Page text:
mit Kanban, Daily Stand-ups, Grooming, Sprint planning and Retrospective
With HelloFresh: Successfully implemented Scrum in the Marketing Business Analytics Team.
• Backlog Refinement (from over 1k items to less than 300)
• Coaching and Implementation of Scrum Events
• Coach Team for Story Points /Story writing Implementation
• Sprint Velocity progress controlling
• JIRA Optimization: projects overall & Scrum board / Kanban board (using labels)
• Automation from Service portal tickets (components, assignment, versions, etc)
• OKRs as epic "themes" and quarterly controlling
Scrum is a process framework that has been used to manage work on complex products since the 1990s and is based on 3 pillars of empirical process control: transparency, inspection, and adaptation.
The important aspects of the process are visible to the people responsible for the outcome and are defined by a common standard so that observers share a common understanding.
Scrum users frequently inspect Scrum artifacts and progress to detect variances.
If one aspect of a process deviate outside acceptable limits, and that the resulting product will be unacceptable, the process must be adjusted to minimize further deviation.
The 4 Scrum events for inspection and adaptation: Sprint Planning • Daily Scrum • Sprint Review • Sprint Retrospective
A time-box of one month or less during which a “Done”, useable, and potentially releasable product Increment is created. Sprints contain and consist of the Sprint Planning, Daily Scrums, the development work, the Sprint Review, and the Sprint Retrospective.
During the Sprint: • No changes are made that would endanger the Sprint Goal; • Quality goals do not decrease; and, • Scope may be clarified and re-negotiated between the Product Owner and Development Team as more is learned.
A Sprint would be cancelled if the Sprint Goal becomes obsolete. This might occur if the company changes direction or if market or technology conditions change.
Answers two questions: • What can be done this Sprint? • How will the chosen work get done?
The Product Owner discusses the objective that the Sprint should achieve and the Product Backlog items that, if completed in the Sprint, would achieve the Sprint Goal. The entire Scrum Team collaborates on understanding the work of the Sprint. The input to this meeting is the Product Backlog, the latest product Increment, projected capacity of the Development Team during the Sprint, and past performance of the Development Team. The number of items selected from the Product Backlog for the Sprint is solely up to the Development Team. Only the Development Team can assess what it can accomplish over the upcoming Sprint.
The Product Backlog items selected for this Sprint plus the plan for delivering them is called the Sprint Backlog.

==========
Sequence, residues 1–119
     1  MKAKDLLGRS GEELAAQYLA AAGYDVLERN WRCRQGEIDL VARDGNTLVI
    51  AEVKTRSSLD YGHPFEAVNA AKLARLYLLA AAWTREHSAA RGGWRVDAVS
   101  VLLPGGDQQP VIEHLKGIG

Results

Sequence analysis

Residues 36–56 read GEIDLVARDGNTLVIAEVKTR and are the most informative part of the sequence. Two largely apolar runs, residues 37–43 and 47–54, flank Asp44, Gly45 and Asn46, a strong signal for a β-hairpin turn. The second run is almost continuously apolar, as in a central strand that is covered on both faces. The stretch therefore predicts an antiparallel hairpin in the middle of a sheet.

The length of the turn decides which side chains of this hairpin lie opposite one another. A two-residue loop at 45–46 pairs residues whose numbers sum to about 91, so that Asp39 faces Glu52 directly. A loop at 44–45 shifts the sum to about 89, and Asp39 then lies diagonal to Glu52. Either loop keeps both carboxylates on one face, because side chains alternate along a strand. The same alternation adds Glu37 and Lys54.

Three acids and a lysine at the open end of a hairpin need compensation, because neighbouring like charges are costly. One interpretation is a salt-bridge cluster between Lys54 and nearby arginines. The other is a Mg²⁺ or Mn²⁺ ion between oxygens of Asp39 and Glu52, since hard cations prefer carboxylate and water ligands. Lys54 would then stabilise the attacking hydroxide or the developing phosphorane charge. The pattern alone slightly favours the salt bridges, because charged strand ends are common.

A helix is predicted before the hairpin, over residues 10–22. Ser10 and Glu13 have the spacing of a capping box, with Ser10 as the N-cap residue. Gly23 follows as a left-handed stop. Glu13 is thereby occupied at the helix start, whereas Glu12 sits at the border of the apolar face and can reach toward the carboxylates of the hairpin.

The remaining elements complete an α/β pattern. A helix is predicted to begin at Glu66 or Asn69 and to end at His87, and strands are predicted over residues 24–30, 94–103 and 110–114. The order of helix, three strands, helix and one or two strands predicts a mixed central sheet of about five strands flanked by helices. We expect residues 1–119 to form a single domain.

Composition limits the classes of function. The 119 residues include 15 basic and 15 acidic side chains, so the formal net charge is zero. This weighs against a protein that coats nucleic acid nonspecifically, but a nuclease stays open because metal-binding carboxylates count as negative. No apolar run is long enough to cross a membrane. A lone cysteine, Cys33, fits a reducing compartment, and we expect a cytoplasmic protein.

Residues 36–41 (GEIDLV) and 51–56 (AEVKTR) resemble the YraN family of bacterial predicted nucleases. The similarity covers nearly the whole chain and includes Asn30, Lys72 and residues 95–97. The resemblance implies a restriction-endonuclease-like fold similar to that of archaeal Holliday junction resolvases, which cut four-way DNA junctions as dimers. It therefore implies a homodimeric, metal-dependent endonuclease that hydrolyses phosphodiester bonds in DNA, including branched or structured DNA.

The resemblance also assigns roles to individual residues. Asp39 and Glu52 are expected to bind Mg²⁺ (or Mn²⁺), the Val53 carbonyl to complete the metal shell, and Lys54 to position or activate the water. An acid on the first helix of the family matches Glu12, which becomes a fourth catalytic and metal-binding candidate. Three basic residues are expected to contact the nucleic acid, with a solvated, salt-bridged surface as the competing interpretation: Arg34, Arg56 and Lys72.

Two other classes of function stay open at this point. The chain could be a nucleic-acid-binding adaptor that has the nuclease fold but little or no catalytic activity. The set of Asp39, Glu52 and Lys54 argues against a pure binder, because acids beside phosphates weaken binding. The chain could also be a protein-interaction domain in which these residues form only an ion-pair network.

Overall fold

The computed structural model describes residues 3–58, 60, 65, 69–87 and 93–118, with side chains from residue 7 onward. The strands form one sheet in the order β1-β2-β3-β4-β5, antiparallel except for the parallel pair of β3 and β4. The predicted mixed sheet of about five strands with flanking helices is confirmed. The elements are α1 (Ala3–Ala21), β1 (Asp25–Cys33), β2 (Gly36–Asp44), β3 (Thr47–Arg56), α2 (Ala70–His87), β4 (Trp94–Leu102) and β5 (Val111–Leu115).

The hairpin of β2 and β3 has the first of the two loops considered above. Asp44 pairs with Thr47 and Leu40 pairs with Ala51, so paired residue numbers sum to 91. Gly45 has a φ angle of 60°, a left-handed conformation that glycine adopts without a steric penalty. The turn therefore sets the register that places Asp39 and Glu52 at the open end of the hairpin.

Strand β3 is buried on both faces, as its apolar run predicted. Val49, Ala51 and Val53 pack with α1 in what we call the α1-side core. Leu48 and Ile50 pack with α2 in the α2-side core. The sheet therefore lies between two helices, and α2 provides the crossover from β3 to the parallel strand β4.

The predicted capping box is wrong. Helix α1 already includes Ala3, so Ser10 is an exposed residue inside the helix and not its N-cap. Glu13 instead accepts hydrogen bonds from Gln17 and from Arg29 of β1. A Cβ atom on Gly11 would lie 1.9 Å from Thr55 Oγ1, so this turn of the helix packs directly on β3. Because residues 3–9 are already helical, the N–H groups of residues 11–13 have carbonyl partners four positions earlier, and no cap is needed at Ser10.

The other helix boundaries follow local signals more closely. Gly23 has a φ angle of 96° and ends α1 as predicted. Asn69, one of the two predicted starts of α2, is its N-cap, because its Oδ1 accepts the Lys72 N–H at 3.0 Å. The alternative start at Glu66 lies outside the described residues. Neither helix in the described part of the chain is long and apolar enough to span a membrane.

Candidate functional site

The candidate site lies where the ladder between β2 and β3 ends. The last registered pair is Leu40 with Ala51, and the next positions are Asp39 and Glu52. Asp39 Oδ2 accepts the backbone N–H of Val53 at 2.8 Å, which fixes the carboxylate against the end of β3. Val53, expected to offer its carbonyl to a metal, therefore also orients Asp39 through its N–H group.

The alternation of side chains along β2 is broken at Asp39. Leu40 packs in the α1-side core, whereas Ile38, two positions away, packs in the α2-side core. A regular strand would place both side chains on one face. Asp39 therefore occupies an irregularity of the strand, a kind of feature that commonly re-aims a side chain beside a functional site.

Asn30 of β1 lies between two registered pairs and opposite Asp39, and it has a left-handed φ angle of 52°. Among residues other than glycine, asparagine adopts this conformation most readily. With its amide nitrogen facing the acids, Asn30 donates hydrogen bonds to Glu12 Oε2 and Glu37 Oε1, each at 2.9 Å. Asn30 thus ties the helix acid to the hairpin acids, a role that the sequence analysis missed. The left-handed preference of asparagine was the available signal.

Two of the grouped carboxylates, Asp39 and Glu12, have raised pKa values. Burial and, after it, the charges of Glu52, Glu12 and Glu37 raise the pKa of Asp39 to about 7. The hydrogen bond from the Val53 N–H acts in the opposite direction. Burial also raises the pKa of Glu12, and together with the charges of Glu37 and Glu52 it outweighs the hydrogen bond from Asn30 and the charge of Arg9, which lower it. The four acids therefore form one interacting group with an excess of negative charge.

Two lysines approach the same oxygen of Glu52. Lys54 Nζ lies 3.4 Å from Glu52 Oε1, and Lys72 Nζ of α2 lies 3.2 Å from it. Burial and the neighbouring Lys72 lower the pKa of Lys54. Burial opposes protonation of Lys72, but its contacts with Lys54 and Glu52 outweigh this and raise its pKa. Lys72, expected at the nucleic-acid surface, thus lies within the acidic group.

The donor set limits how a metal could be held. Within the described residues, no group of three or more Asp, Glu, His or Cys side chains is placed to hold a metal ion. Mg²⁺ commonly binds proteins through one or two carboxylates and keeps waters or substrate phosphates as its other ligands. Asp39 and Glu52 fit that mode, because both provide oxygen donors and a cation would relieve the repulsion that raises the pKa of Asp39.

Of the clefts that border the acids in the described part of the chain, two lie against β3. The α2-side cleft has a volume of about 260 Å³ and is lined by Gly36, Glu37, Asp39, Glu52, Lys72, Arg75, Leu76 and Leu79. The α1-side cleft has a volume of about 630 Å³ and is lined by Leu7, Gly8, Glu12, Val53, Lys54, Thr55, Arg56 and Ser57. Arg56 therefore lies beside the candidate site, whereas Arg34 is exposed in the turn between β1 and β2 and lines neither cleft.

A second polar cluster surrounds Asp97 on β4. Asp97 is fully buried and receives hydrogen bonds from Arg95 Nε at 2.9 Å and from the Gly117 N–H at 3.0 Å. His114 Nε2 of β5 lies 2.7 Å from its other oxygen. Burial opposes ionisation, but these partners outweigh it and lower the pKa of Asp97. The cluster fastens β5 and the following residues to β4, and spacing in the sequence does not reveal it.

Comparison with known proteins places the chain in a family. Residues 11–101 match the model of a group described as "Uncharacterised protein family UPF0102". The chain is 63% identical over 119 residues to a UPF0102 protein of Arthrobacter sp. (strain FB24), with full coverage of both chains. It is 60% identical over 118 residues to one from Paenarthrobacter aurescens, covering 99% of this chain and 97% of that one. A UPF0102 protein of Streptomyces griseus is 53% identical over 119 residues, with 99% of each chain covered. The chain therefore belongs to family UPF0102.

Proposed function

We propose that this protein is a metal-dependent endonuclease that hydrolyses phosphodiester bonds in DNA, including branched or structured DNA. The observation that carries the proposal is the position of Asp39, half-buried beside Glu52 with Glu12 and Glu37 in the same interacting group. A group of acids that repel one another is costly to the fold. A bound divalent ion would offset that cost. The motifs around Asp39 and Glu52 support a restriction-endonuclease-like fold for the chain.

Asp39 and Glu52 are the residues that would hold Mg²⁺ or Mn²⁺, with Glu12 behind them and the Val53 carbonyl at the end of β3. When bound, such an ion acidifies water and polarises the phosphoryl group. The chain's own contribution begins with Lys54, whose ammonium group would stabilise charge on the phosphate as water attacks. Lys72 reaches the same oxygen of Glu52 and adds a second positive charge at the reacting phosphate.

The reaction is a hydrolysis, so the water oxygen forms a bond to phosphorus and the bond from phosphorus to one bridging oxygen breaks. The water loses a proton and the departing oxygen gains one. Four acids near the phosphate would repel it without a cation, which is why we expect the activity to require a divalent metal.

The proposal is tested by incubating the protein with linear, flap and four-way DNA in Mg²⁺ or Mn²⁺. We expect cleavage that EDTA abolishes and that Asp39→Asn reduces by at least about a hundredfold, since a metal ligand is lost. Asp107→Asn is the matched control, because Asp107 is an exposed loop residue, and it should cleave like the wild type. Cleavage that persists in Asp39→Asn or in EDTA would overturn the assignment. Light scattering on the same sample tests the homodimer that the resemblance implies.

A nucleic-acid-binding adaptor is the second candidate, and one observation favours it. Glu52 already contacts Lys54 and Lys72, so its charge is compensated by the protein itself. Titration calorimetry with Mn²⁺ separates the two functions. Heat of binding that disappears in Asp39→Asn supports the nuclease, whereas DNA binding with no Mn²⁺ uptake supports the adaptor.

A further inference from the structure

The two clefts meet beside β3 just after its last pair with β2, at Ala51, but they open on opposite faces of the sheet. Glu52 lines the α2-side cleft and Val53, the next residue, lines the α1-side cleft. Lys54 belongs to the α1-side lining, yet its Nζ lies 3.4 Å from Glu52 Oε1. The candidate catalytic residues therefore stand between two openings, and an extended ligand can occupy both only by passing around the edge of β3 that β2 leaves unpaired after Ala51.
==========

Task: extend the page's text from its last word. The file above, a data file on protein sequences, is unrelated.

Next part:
Work may be of varying size, or estimated effort. However, enough work is planned during Sprint Planning for the Development Team to forecast what it believes it can do in the upcoming Sprint. Work planned for the first days of the Sprint by the Development Team is decomposed by the end of this meeting, often to units of one day or less. The Development Team self-organizes to undertake the work in the Sprint Backlog, both during Sprint Planning and as needed throughout the Sprint.
The Product Owner can help to clarify the selected Product Backlog items and make trade-offs. If the Development Team determines it has too much or too little work, it may renegotiate the selected Product Backlog items with the Product Owner.
By the end of the Sprint Planning, the Development Team should be able to explain to the Product Owner and Scrum Master how it intends to work as a self-organizing team to accomplish the Sprint Goal and create the anticipated Increment.
The Daily Scrum is a 15-minute time-boxed event held every day at the same time for the Development Team.
Development Team plans work for the next 24 hours and inspecting the work since the last Daily Scrum and forecasting upcoming Sprint work.
The structure of the meeting is set by the Development Team and can be conducted in different ways if it focuses on progress toward the Sprint Goal. :• What did I do yesterday that helped the Development Team meet the Sprint Goal? • What will I do today to help the Development Team meet the Sprint Goal? • Do I see any impediment that prevents me or the Development Team from meeting the Sprint Goal?
The Development Team or team members often meet immediately after the Daily Scrum for detailed discussions, or to adapt, or replan, the rest of the Sprint’s work.
The Scrum Master ensures that the Development Team has the meeting, but the Development Team is responsible for conducting the Daily Scrum.
This is a key inspect and adapt meeting.
What: informal meeting collaboration & feedback what was done in spring, with all including PO & SH When: at the end of the Sprint Why: to inspect the Increment and adapt the Product Backlog if needed. How long: up to 2h
Based on that and any changes to the Product Backlog during the Sprint, attendees collaborate on the next things that could be done to optimize value.